Can Ducks Die From Shock? An Ultimate Guide To Shocked Ducks

I heard a noise in my barn one day, so I rushed to it, but unfortunately, my ducks were attacked by a predator! He took and killed a team of them and wounded another team, but they are still alive! My ducks were freaking out and they were in really bad shape! They stop eating and drinking and stay amazed!

I checked them out and saw what happened to them. Some of them were bleeding and some of them could not stand as a result of their wounds! I rushed them and healed their wounds. Their condition was very bad at first, but it gradually began to improve, thanks to God.

Shock is a critical and emergency medical condition that leads to an unexpected decrease in blood flow to all organs of the body, which in turn leads to oxygen deprivation of the body tissues!

Shock goes through a variety of stages that get worse and lead to death if not treated promptly. So the key element in treating shock in ducks is a quick response.

There are many causes of shock in backyard ducks including being attacked by a predator, a change in temperature, poisoning, various injuries, severe illness, egg restriction, and a drug reaction.

Let’s dig deeper into these details and learn about the most important information related to duck shock.

Can Ducks Die From Shock?

White Duck

Yes, ducks can die due to shock, the shock is either psychological or physical and represents a degree of danger to ducks, depending on its severity. A shocking event can negatively affect the ducks’ way of life, health, and egg productivity and it may cause permanent effects on ducks.

Can Ducks Have Heart Attacks?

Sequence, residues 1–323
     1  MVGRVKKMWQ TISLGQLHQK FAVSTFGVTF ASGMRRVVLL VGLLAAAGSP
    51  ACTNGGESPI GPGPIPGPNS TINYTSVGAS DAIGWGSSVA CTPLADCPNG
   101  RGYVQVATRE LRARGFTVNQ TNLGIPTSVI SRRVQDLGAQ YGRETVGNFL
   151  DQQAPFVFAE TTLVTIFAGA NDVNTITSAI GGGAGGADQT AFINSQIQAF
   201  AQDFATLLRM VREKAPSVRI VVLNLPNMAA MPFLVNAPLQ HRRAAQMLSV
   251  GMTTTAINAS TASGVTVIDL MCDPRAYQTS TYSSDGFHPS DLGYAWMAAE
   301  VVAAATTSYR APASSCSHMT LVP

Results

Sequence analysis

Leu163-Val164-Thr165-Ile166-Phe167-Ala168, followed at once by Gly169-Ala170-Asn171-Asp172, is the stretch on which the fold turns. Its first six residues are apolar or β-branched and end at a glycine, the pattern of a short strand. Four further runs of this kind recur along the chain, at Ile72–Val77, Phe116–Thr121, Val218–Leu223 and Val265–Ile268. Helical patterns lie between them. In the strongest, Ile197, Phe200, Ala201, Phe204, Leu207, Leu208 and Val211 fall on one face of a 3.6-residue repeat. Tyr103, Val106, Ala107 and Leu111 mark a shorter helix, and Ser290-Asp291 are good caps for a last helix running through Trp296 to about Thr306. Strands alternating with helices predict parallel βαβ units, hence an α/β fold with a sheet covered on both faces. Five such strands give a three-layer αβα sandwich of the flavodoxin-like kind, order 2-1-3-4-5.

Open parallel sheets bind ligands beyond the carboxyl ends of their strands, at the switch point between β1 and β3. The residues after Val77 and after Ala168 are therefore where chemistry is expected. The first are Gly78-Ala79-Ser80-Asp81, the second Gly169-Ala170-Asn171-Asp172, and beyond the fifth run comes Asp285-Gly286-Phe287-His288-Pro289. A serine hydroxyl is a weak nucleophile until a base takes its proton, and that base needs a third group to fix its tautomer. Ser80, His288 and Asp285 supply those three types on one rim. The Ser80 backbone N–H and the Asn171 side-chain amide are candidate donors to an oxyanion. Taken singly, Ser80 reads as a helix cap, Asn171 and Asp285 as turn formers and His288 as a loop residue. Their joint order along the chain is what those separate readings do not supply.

Yes, After a shocking event, the shock can cause a duck’s heart to stop pumping blood properly to the body’s tissues and cells, resulting in loss of blood circulation, lack of oxygen to the body’s cells, dehydration, or sepsis as a result of severe infection. which eventually leads to the death of the duck if left untreated. 

How Do You Know If A Duck Is In Shock?

Symptoms of shock in ducks include the following:

  • Fast heartbeat
  • Heavy breathing
  • Low body temperature
  • Pale skin
  • Stunned look
  • Freezing in a squatting position
  • Movement refused
  • Weak pulse
  • Lethargy
  • Lack of response

You can determine whether your ducks are in shock or not by the appearance of these symptoms. You must pay close attention to them and try to treat them quickly so that the shocked ducks are rescued.

What Are The Causes Of Shock In Ducks?

Ducks go into shock as a result of several reasons, some of which may lead to the duck remaining in a state of shock for a period after exposure to a traumatic event. The causes of shock in ducks include the following:

Predator Attack

Exposure to a predator is one of the most terrifying events a duck can experience. As it leads to the exposure of ducks to physical injuries and psychological injuries, both of which cause shock to ducks.

Physical shock occurs as a result of injuries resulting from the attempt to escape from the predator such as scratch and bite wounds of the predator that cause bone fractures and severe infections.

It may also lead to internal bleeding and excessive blood loss, which causes the ducks to enter a horrific state. Sometimes the duck’s shock can last for as long as a few months after the attack! depending on the severity of the duck’s wounds.